Virtual schizophrenia

Wagner James Au is an “embedded journalist” inside Second Life, an online multiplayer game where users can build their own houses and fill them with objects of their own design. He’s been blogging about it for over a year now, profiling scores of people who’ve built gorgeous, intricate, or bizarre environments. At one point, he even happened upon a woman who was homeless in the real world but had a massive compound in the the virtual one.

This week he reports on a new find: A house that has been designed to represent the internal state of a person with schizophrenia. It was created by a university mental-health researcher, and is based on descriptions of hallucinations taken from interviews with real-life schizophrenia patients. The idea, of course, is to do something that only a virtual-reality game can do — which is to allow outsiders to experience, first-hand, the terrifying weirdness of a schizophrenic episode. Au toured and it wrote an excellent description:

Things change, as you approach them, but the shift is subtle. A poster suddenly shifts to contain obscenities; a single word in a newspaper headline suddenly becomes the only word you see. A bookshelf seems to contain nothing but volumes about fascism. And most disturbing to me, a bathroom mirror which contains your reflection becomes, when you come closer, a bloody death mask. The man in the mirror is actually a model, but the hallucination is based on the testimony of a schizophrenic who stopped shaving, because when he looked in the mirror, he’d see his corpse staring back at him. (And when you get close enough to the sink, you hear the strains of bagpipes— because this is the music the man heard too, when he glimpsed his own death.) [snip]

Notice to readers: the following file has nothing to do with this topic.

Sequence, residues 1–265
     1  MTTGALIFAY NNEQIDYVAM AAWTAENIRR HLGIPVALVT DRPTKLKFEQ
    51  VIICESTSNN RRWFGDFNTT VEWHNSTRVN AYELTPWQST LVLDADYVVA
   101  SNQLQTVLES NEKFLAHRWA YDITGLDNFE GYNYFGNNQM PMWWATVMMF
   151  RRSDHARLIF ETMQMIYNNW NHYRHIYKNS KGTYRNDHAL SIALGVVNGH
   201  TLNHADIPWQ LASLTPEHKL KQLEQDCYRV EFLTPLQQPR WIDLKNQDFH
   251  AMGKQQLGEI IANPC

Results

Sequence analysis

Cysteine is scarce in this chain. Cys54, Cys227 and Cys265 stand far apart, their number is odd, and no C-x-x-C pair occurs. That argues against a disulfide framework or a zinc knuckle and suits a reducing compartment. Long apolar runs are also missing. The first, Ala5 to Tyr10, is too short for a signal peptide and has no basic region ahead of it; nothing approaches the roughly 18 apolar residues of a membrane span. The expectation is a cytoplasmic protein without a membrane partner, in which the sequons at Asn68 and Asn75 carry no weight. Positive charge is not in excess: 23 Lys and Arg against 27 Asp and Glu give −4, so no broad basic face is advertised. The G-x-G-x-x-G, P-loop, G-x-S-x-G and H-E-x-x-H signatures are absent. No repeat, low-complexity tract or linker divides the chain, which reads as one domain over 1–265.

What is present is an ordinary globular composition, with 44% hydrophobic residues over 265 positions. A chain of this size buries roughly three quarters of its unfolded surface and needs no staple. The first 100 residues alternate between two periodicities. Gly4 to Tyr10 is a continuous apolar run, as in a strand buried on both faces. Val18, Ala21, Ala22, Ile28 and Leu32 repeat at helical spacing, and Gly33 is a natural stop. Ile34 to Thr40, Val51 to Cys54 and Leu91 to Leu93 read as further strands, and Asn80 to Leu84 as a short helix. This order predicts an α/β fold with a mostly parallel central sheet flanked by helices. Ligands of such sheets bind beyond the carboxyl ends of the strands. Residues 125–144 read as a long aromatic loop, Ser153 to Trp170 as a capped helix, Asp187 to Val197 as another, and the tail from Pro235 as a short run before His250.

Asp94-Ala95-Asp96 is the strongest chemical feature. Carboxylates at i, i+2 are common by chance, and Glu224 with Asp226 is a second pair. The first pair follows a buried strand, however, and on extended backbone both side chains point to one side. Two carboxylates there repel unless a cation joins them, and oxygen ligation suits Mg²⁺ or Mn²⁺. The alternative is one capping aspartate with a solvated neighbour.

Other shifts are less subtle. The floor falls away into sky, when you start to walk on it. A gun suddenly appears on a table, and a spotlight is cast on it, while a voice keeps commanding you to pick it up, and kill yourself. (This is based on the testimony of a schizophrenic who was arrested after he tried to snatch the pistol from a police officer’s holster.) A stereo broadcasts a radio news program — which, if you listen to it for more than a few seconds, begins speaking to you.

It’s another great example of how useful off-the-shelf video games are becoming at simulating real-life problems. The doctors previously had spent months trying to build a schizophrenia sim from scratch, using a Silicon Graphics workstation, and it didn’t look as good as what they were able to do inside Second Life in only three weeks — since the game was designed to allow its “citizens” to quickly create their own stuff.

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I'm Clive Thompson, the author of Smarter Than You Think: How Technology is Changing Our Minds for the Better (Penguin Press). You can order the book now at Amazon, Barnes and Noble, Powells, Indiebound, or through your local bookstore! I'm also a contributing writer for the New York Times Magazine and a columnist for Wired magazine. Email is here or ping me via the antiquated form of AOL IM (pomeranian99).

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